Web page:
Fogarty, Gerard J. and Else, David (2005) Performance calibration in sport: implications for self-confidence and metacognitive biases. International Journal of Sport and Exercise Psychology, 3 (1). pp. 41-57. ISSN 1612-197X
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[Abstract]: When people are asked to make judgments about their own performance, either retrospectively or prospectively, they typically overestimate their level of performance, leading some researchers to claim that overconfidence is a pervasive metacognitive bias. Evidence for such a trait in sport has implications for the way we assess confidence and for our understanding of athletes' perceptions of their own abilities and their reactions to performance feedback. To gain a better understanding of this issue, we used the calibration paradigm to measure metacognitive bias in a sample of 54 male golfers varying widely in age (13 to 75 years) and ability level (1 to 27 handicap). Golfers were required to complete a putting task and a chipping task (20 trials each) after first estimating how well they would perform on each of the tasks. The exercise was repeated once. Results indicated that golfers tended to be reasonably well-calibrated on the putting tasks but slightly overconfident on the chipping tasks used in this study. They were also overconfident on a test of knowledge of golf rules. There was no effect for level of expertise. Golfers differed in their ability to use feedback on the first set of trials to achieve better calibration on a second set of trials. Discussion centres on the potential benefits of using the calibration paradigm in a range of sports as an adjunct to assessments and interventions by sports psychologists.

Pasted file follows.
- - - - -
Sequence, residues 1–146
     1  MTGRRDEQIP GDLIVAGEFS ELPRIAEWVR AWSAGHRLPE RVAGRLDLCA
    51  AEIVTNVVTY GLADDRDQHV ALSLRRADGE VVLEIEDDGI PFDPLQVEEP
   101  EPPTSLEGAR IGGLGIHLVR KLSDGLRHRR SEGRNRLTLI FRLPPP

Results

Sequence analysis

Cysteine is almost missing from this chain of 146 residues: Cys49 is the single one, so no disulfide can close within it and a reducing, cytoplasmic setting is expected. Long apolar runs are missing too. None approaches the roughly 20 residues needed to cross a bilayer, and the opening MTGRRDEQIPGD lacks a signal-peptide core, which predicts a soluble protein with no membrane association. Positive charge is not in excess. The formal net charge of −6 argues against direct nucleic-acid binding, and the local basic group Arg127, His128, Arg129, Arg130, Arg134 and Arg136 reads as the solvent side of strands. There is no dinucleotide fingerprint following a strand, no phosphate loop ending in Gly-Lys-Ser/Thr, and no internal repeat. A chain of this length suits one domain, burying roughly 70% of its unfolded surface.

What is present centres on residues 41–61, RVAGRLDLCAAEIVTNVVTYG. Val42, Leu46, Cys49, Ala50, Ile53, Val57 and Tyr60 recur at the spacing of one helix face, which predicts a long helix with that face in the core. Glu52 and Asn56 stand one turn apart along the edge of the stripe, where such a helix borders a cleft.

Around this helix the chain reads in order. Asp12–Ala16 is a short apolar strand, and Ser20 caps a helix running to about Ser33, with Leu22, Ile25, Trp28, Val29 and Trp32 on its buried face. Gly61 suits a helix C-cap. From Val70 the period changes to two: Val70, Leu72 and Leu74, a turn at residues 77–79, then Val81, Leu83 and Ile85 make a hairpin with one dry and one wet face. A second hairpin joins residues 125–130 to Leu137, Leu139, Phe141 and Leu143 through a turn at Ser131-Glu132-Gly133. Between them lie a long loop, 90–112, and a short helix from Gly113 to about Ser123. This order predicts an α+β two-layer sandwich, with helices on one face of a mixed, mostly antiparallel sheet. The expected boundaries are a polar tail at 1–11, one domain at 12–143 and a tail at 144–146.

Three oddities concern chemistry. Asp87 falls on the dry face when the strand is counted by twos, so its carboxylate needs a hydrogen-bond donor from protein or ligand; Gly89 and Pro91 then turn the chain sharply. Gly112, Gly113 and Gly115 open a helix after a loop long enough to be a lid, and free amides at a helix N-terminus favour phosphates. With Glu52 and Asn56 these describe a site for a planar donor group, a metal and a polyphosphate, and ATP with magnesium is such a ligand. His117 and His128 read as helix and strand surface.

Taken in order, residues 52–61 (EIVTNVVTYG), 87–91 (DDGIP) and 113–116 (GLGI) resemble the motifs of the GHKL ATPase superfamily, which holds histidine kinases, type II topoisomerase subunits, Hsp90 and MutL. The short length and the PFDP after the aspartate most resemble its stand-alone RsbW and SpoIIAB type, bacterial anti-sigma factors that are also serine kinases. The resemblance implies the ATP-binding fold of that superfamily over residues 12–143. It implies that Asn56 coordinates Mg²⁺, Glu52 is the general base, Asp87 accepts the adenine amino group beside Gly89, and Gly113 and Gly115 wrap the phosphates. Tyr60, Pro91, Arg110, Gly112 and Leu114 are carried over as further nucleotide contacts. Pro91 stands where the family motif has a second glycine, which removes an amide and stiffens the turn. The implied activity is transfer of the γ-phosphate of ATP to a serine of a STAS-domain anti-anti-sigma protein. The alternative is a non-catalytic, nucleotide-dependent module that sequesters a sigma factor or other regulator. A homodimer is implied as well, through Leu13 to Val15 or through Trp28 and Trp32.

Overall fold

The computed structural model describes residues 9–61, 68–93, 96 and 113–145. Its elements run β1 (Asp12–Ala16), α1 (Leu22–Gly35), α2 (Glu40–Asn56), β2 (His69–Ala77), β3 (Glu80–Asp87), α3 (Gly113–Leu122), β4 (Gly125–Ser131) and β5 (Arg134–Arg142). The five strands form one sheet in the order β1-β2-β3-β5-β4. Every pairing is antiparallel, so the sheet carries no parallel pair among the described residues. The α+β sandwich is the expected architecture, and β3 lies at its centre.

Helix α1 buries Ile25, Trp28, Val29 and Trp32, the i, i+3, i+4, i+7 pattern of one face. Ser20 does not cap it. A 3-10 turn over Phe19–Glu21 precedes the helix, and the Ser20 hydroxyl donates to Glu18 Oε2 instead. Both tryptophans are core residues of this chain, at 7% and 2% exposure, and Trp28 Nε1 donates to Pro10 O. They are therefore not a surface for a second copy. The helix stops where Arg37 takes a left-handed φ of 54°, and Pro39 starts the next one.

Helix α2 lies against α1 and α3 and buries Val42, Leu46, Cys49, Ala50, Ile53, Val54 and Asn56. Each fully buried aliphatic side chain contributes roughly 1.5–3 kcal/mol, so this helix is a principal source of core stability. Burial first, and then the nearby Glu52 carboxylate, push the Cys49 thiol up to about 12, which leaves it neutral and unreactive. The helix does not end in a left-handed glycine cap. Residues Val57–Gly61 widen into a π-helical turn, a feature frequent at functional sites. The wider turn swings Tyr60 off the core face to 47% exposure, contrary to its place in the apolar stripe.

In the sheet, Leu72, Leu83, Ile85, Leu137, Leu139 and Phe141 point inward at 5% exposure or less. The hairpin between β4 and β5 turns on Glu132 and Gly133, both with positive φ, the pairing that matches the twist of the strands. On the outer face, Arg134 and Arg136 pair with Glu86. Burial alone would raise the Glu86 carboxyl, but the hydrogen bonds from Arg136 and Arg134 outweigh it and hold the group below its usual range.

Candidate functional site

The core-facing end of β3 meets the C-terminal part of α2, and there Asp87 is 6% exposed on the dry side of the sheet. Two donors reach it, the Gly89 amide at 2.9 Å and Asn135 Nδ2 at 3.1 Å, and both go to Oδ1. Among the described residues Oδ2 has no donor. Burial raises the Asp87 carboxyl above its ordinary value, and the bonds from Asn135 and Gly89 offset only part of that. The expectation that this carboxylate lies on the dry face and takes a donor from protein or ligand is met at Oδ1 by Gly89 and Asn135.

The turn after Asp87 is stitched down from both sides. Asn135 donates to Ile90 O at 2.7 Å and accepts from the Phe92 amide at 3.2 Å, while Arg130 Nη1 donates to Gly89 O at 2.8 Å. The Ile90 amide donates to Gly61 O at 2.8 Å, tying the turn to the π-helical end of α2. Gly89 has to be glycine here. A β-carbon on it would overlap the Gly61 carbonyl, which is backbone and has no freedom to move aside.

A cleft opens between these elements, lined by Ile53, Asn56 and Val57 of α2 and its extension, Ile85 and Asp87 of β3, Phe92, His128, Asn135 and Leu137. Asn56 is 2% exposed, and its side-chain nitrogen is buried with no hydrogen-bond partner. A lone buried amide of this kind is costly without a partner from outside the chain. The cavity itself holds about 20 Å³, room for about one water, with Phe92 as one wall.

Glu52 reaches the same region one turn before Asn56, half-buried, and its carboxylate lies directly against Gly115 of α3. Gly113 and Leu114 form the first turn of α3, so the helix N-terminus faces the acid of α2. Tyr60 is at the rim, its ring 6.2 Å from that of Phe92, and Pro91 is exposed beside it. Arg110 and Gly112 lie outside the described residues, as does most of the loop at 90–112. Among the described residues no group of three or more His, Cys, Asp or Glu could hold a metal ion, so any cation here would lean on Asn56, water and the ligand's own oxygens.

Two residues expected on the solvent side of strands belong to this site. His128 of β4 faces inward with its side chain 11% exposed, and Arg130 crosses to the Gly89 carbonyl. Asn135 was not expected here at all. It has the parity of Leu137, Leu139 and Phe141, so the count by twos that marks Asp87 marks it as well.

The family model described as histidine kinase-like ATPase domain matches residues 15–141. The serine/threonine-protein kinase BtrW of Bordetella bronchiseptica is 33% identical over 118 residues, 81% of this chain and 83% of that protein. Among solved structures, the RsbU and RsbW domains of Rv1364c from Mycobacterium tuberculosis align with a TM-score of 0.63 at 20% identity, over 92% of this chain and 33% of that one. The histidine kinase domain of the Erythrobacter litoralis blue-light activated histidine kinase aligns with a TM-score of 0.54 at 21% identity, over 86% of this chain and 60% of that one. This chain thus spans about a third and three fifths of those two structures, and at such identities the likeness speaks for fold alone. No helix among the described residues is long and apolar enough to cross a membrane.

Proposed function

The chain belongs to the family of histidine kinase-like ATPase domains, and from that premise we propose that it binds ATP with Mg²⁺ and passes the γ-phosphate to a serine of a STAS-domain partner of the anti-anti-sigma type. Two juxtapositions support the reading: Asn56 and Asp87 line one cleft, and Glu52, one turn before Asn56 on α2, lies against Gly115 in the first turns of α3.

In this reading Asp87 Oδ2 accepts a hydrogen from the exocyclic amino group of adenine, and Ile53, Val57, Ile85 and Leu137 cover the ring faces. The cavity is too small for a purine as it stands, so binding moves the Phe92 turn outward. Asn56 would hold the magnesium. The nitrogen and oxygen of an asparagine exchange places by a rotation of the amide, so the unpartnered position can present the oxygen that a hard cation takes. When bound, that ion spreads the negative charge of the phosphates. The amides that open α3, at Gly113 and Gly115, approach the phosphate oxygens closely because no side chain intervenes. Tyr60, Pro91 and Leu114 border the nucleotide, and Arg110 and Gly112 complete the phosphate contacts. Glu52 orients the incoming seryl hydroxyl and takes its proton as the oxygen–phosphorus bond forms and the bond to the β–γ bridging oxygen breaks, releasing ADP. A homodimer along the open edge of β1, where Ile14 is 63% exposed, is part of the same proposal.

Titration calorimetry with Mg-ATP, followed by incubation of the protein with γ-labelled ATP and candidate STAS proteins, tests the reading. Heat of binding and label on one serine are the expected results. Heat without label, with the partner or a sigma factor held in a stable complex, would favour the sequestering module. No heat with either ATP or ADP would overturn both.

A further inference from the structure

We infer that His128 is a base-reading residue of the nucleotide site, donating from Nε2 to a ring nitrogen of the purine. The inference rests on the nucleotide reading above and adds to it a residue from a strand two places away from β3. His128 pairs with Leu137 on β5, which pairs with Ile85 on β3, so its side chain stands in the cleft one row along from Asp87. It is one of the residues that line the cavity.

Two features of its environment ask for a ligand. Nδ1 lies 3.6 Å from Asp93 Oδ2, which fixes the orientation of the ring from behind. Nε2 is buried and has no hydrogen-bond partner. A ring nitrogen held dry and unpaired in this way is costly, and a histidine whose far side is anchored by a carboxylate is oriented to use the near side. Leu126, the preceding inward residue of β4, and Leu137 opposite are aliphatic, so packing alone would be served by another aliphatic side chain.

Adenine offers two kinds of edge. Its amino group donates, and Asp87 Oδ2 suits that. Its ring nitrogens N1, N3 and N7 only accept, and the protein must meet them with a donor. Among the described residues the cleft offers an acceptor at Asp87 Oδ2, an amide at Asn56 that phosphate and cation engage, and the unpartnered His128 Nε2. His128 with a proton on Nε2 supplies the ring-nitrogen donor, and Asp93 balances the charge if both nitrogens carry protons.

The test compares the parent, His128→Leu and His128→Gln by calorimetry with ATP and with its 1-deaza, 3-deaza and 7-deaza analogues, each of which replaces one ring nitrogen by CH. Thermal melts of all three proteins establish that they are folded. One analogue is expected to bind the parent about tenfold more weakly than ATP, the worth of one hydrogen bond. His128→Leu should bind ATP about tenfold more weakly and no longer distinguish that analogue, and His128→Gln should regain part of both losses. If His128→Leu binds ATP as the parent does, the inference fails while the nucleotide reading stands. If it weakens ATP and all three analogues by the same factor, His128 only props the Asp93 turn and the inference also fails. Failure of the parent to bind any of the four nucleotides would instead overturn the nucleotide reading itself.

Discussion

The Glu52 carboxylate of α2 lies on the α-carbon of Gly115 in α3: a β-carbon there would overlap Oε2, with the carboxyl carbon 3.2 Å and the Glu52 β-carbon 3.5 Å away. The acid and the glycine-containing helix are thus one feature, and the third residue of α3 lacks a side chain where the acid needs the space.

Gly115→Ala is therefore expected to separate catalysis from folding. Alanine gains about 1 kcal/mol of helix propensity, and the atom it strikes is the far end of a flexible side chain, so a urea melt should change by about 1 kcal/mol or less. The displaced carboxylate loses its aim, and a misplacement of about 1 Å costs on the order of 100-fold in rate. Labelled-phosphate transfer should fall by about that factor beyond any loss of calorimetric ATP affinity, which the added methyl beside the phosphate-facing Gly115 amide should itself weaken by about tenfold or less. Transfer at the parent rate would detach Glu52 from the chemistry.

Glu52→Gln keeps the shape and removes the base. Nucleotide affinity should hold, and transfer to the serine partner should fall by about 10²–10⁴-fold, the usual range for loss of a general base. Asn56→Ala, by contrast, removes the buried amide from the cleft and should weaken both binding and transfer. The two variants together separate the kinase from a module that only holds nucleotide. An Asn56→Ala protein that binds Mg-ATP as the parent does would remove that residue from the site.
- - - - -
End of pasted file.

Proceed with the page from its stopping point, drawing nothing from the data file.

|Item Type:||Article (Commonwealth Reporting Category C)|
|Additional Information:||Permanent restricted access to paper due to publisher copyright restrictions.|
|Uncontrolled Keywords:||performance calibration, performance, self-judgement, sport, self-confidence, metacognitive biases, athletes, golf, golfers|
|Fields of Research (FOR2008):||17 Psychology and Cognitive Sciences > 1701 Psychology > 170114 Sport and Exercise Psychology|
|Subjects:||320000 Medical and Health Sciences > 321400 Human Movement and Sports Science > 321404 Sport and Exercise Psychology|
|Socio-Economic Objective (SEO2008):||UNSPECIFIED|
|Deposited On:||11 Oct 2007 10:32|
|Last Modified:||17 Nov 2011 10:20|
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